Today, the top Republican on the House Budget Committee released a report outlining his priorities for the Fiscal Year 2013 budget debate. Titled “The Path to Prosperity,” the report summarizes and explains Chairman Paul Ryan’s (R-WI) forthcoming budget resolution, which is scheduled to be marked up in the committee tomorrow morning.
As expected, the House budget will include sharp cuts to both discretionary and mandatory programs, even below the levels agreed upon by both parties during last summer’s passage of the Budget Control Act (BCA). This results in differing approaches in the House and Senate, as today Senate Budget Chairman Kent Conrad (D-ND) filed a deeming resolution in that chamber setting the budget caps for the coming fiscal year at levels consistent with the BCA spending caps. As explained in CWLA’s detailed summary of the Budget Control Act, passage of that law put in place a series of spending caps specifying discretionary funding levels for the next 10 years. Last year, the spending cap was set at $1.043 trillion and Congress funded the appropriations bills at that level. The spending cap for Fiscal Year 2013 under the BCA is $1.047 trillion. The House budget resolution would cut further below that cap, reducing discretionary spending another $19 billion to $1.028 trillion.
Furthermore, beginning in January, 2013 a series of automatic cuts known as sequestration are scheduled to go into effect. In the first year these cuts would total approximately $110 billion, with half coming from defense programs and half coming from non-defense programs. The House budget resolution would repeal the $55 billion in defense cuts scheduled to go into effect, while leaving in place the others. In addition, the repealed defense cuts would be offset by further cuts to non-defense spread out over the next several years. Once again, non-defense programs would be expected to bear the burden of all of the spending cuts.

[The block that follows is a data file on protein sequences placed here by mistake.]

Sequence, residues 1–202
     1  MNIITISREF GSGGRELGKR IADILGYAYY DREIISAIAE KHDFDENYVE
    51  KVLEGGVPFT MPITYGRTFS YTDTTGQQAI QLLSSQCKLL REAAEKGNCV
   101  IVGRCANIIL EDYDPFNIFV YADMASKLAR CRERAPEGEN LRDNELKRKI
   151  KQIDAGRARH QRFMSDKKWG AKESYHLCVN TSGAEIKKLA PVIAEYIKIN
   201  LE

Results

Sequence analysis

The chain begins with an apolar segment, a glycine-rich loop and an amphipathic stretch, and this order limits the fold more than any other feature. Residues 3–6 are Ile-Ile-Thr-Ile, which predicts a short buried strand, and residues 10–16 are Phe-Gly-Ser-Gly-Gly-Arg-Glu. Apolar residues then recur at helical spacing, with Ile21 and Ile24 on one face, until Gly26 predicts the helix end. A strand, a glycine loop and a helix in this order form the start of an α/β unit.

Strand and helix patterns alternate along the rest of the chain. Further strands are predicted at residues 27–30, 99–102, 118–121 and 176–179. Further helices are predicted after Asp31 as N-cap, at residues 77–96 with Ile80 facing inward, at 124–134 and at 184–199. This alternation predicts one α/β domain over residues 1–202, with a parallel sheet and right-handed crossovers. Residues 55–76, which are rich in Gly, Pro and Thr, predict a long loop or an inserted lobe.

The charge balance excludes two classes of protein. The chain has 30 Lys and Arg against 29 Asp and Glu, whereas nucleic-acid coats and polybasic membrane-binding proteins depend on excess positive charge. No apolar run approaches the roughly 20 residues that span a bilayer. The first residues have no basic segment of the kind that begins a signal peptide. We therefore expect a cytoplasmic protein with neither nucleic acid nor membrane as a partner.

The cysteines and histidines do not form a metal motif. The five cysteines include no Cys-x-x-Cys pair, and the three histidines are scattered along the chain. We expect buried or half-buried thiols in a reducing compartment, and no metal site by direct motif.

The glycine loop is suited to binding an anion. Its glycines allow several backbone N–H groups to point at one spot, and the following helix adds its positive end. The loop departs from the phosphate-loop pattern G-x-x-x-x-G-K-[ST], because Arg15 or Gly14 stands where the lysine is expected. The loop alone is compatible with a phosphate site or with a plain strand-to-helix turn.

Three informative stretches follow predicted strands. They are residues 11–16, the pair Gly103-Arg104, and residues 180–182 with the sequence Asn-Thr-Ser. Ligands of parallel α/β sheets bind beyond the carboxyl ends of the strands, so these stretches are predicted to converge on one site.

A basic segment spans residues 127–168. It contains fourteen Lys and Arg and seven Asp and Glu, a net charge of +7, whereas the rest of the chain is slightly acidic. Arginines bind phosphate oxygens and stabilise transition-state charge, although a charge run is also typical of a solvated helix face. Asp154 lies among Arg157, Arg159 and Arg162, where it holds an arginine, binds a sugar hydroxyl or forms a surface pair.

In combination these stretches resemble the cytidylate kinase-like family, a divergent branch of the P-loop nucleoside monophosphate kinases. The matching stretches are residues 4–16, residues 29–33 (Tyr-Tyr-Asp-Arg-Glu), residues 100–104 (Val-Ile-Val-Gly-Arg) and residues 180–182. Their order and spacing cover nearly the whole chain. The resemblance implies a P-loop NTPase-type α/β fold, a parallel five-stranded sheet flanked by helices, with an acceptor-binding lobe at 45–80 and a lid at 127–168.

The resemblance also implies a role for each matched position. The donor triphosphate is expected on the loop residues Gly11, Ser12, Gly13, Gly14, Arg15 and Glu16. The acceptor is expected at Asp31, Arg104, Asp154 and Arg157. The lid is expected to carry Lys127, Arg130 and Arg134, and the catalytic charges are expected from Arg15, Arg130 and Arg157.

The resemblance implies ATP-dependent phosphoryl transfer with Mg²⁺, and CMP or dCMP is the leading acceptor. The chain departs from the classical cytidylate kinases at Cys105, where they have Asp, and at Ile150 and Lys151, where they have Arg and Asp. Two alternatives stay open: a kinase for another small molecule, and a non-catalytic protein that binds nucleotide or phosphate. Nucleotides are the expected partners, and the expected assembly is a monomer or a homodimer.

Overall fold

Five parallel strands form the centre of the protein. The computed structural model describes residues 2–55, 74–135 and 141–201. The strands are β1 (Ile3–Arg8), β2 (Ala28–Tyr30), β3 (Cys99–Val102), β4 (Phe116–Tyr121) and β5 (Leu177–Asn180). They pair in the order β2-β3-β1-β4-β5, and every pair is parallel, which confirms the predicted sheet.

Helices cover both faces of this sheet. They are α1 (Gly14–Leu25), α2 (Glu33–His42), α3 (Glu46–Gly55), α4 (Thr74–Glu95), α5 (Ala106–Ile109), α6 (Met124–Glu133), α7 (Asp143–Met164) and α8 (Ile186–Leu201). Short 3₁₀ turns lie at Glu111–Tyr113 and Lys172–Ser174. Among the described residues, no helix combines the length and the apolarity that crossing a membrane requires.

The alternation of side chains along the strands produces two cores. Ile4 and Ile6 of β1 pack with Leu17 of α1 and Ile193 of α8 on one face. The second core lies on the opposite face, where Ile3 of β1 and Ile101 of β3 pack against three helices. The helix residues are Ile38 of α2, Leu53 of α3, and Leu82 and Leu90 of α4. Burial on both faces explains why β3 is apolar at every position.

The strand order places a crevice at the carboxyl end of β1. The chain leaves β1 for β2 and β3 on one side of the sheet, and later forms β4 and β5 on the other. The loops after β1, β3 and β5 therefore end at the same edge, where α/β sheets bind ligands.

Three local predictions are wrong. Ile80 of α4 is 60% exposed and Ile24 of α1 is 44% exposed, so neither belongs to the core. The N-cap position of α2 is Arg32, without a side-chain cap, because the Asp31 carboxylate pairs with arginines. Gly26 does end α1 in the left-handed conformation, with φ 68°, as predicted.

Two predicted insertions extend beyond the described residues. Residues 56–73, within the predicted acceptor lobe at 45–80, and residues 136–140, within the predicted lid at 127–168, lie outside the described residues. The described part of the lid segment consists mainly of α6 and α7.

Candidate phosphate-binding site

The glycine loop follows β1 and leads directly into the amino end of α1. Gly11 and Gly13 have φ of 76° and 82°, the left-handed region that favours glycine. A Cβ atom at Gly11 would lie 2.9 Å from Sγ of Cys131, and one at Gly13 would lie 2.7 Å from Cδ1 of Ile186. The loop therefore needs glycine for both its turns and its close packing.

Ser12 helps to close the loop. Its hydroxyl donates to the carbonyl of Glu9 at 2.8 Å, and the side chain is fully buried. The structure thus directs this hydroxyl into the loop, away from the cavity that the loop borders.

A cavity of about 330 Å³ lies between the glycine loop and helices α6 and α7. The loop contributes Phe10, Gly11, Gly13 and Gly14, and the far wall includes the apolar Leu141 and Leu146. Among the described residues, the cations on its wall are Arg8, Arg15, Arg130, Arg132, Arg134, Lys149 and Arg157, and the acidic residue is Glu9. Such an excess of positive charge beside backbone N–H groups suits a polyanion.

With respect to mandatory spending, the House budget again this year proposes changes to a number of entitlement programs. Medicaid would be replaced with block grants to states that would be capped and indexed for population growth and inflation, but not the cost of medical care. Overall the House budget would reduce Medicaid funding by over $800 billion in the next 10 years. The Supplemental Nutrition Assistance Program (SNAP or food stamp) program would also be converted to a block grant and eligibility would be curtailed along with program funding. Recipients of Medicaid, food stamps, and other means-tested programs would also be subjected to stringent work requirements and time limits, similar to those imposed in the 1990’s for Temporary Assistance for Needy Families (TANF, formerly Aid to Families with Dependent Children (AFCD).
It is important to remember the context in which these cuts are being proposed. The 2011 and 2012 appropriations processes already made significant cuts to a number of discretionary programs and the Budget Control Act spending caps alone would result in almost $1 trillion in discretionary spending cuts over the next decade. The latest proposed cuts in the House budget resolution would be in addition to these already-enacted cuts.
**UPDATE (3/21/12): The budget resolution passed the House Budget Committee today on a 19-18 vote. It is expected to be voted on by the full House of Representatives as early as next week.